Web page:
Contributed By: Craig Davis
In this rendition of REAL VALUE, we will fill you in on some specifics. Hopefully, after reading Part I and Part II, you will be better informed on this particular drafting strategy and not have so many questions. One of the major misconceptions people first have is that REAL VALUE is based on the previous year’s statistics. Nothing could be further from the truth. Anyone who drafts a team based upon the previous year’s statistics is just asking for a 3-10 type season. Even fantasy players who follow football know that statistics change from year to year. There are several factors to consider at the beginning of every season including: sleepers, snoozers, offensive personnel changes, defensive personnel changes, schedule strength, and coaching changes… to name a few. However, do keep in mind that there will be some players who post similar numbers in back to back years.
Remember this… REAL VALUE IS BASED ON THE UPCOMING YEAR’S PROJECTIONS, period. In order to truly be successful, you must study statistics from more than one year and be able to arrive at some sort of projection for each and every player in the league. Many people don’t want to take the time to do that, and understandably so. Therefore, we’ve provided our list of 2005 Projections to help you out. You’ve got too many important things to do. Why waste your time when you could be doing other things? That’s why we’re here.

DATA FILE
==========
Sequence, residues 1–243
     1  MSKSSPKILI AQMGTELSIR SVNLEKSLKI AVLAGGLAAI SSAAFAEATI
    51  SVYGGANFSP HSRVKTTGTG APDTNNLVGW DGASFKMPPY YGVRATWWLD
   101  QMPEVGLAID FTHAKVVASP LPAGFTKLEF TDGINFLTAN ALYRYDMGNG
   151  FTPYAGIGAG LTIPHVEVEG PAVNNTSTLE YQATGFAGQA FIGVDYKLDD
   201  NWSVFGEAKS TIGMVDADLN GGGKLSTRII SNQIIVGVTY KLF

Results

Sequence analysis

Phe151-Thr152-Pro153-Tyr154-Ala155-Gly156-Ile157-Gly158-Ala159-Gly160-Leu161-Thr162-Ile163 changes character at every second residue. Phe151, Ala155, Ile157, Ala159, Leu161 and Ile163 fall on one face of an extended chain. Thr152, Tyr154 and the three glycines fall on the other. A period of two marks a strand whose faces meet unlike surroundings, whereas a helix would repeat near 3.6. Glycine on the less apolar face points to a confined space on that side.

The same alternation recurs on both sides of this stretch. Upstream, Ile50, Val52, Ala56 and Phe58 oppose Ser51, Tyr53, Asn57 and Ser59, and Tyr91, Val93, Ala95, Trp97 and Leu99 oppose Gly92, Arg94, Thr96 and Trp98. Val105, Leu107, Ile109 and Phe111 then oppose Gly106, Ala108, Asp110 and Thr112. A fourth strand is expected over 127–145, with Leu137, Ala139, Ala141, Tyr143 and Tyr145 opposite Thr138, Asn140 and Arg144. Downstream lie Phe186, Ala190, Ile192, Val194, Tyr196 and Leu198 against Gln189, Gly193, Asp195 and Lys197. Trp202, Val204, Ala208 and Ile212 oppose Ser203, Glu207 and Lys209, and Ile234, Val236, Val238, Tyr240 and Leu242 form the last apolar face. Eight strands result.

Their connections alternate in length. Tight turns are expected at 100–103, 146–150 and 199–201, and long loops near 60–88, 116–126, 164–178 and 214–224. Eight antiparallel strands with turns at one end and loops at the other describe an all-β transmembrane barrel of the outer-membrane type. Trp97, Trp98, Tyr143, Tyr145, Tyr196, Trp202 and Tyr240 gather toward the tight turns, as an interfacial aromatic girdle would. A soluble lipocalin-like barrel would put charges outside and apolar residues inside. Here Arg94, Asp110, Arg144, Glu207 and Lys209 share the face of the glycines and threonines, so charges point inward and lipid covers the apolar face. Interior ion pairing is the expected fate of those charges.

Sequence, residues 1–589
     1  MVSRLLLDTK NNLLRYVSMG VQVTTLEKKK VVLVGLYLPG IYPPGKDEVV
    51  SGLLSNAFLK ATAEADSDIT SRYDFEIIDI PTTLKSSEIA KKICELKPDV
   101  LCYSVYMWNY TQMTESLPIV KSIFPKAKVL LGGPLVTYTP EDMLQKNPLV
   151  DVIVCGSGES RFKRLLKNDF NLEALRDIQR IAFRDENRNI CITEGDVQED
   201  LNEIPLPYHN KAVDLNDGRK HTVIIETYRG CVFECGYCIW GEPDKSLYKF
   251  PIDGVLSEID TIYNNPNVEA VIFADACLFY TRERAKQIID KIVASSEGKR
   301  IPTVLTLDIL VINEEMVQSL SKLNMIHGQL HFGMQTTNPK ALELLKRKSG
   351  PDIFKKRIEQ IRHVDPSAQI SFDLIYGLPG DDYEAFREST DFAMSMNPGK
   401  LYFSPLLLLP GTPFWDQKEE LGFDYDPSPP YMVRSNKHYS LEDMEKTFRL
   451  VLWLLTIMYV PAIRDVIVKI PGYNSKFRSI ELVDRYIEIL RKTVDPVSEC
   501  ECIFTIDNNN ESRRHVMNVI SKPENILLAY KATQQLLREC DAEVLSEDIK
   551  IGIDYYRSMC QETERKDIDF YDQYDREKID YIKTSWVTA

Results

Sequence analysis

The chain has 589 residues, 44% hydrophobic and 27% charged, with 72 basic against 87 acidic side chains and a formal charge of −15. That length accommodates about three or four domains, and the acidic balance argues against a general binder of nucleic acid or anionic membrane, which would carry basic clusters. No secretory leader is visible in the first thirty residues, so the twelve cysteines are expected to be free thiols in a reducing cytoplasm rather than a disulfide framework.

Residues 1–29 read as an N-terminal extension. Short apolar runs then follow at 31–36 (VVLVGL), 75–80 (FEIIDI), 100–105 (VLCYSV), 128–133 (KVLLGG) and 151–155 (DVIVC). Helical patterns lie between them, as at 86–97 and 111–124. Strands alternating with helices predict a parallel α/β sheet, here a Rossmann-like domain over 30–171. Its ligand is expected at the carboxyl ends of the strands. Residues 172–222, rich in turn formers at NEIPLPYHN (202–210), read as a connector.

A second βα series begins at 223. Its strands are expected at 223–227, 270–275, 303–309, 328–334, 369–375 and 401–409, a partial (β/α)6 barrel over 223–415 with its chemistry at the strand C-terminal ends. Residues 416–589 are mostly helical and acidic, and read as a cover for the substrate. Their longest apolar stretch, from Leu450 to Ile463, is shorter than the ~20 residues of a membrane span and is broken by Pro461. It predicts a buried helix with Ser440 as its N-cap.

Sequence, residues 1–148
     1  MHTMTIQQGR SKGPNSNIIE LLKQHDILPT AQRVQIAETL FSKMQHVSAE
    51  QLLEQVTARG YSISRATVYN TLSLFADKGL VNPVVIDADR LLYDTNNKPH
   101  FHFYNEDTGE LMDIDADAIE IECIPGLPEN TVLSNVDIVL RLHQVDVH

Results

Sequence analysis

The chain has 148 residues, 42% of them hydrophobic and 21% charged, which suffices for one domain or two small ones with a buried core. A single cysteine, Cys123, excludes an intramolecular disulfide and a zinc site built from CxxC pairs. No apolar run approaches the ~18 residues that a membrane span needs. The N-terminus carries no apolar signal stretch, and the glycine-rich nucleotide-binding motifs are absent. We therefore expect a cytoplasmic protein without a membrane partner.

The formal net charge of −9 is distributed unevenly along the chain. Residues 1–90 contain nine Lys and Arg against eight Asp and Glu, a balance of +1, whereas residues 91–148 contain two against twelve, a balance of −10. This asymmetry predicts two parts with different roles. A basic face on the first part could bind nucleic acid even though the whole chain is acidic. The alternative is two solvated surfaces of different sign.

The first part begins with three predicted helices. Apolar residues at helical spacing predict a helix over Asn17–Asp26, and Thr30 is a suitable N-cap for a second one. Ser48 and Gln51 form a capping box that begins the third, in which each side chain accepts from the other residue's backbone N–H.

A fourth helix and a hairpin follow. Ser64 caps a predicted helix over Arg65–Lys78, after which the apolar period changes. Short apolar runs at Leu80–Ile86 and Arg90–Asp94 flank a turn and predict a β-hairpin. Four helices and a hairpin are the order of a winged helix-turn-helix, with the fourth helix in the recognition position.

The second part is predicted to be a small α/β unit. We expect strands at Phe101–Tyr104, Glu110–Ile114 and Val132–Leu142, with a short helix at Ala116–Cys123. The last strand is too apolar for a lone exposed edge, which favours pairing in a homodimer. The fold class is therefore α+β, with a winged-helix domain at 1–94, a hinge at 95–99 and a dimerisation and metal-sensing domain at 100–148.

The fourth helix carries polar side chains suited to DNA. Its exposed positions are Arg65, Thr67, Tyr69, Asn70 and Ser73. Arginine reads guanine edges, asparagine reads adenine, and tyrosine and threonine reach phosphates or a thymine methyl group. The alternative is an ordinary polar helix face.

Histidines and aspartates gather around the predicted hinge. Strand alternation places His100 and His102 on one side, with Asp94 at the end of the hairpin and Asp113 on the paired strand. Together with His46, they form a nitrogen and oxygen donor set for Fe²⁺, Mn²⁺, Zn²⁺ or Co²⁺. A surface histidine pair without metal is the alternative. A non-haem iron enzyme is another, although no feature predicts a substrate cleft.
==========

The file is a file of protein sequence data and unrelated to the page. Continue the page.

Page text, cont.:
Now, let’s answer a few questions.
1)What happens if I follow the Real Value Cheat Sheet provided and I draft three running backs with my first three picks… but when my fourth pick rolls around, the Cheat Sheet tells me to take another running back based on his REAL VALUE? Should I take another back, even though he’s going to be a bench player? What should I do?
Great question. In your basic scoring performance league, teams are usually required to start two running backs and three receivers every week. So, knowing that, it’s very apparent that you need to fill those two positions as quickly as possible, without sacrificing a stud QB or TE in the process. There are two ways to handle this dilemma. First, you have to look at the difference in REAL VALUE points between the top rated RB left on the board and the top rated WR, QB, and even TE. If the RB is more than 7 or 8 REAL VALUE points ahead of the next highest player, you take him. However, if the difference is lower than that, you definitely need to consider taking another position player. Chances are, there will be a WR close by. Knowing that you start three wide receivers every week, you probably need to go that way. It’s all about common sense. You can’t take 6 RBs with your first six picks. You have to be a little smarter than that. Best case scenario is that you draft two RBs with your first two selections, then take two or three highly touted WRs, then a QB and a TE. Sometimes it doesn’t work that way, but that would be best case scenario. Remember to fill your starting lineup as best you can first. If you do happen to end up with a few extra RBs or WRs early, you can always use them as trade bait later in the season.
2)I’ve always heard that you must draft two running backs with your first two picks, yet according to the REAL VALUE in a basic performance scoring league, after the first three or four RBs, you have a couple WRs and even some QBs. Do you have to follow REAL VALUE, or can I still get my two RBs, and then follow the cheat sheet?